I entirely agree with Torsten Nilson’s view in “Microsoft story hard to swallow” (MW July 28) that brand valuations should be based on an analytical, marketing-oriented model. This has been Interbrand’s approach since 1988. Since then, we have conducted more than 1,200 brand valuations – with a combined value of 40bn – for use in balance-sheet reporting, mergers and acquisitions, tax planning, brand licensing, litigation support and brand management. Our methodology, and the resulting valuations, are now widely accepted by auditors, tax inspectors, Stock Exchange authorities and the legal profession.
The valuation exercise conducted by Financial World was based on the Interbrand approach. It highlights the issue of brand value and the need to monitor changing values. However, accurate brand valuations depend upon the valuer having access to accurate internal data. As this was unavailable to Financial World, its “brand valuations” were based on published historical information, which inevitably throws up rogue results.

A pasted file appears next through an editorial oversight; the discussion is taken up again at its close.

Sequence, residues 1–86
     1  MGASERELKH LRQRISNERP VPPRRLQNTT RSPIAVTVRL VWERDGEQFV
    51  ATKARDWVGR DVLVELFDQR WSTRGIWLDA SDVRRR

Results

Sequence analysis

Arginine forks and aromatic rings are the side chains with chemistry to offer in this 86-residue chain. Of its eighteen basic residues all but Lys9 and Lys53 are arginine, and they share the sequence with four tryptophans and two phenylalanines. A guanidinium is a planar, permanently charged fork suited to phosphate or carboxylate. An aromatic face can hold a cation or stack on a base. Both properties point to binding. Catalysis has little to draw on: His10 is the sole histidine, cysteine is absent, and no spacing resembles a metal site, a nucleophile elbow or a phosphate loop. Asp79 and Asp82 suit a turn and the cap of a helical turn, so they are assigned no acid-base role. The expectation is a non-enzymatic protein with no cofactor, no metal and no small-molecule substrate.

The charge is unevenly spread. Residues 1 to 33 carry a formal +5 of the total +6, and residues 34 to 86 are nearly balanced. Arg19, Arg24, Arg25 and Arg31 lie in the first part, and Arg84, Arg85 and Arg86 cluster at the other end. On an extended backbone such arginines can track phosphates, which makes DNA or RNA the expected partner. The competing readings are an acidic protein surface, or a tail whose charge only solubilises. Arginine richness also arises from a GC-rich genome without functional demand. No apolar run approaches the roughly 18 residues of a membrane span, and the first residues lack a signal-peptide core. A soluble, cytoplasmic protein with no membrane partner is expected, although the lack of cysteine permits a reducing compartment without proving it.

As far as we are concerned, the real issue is not that we need to change a proven methodology but that more companies should be using the methodology to track performance on a consistent and comparable basis for both internal and external reporting.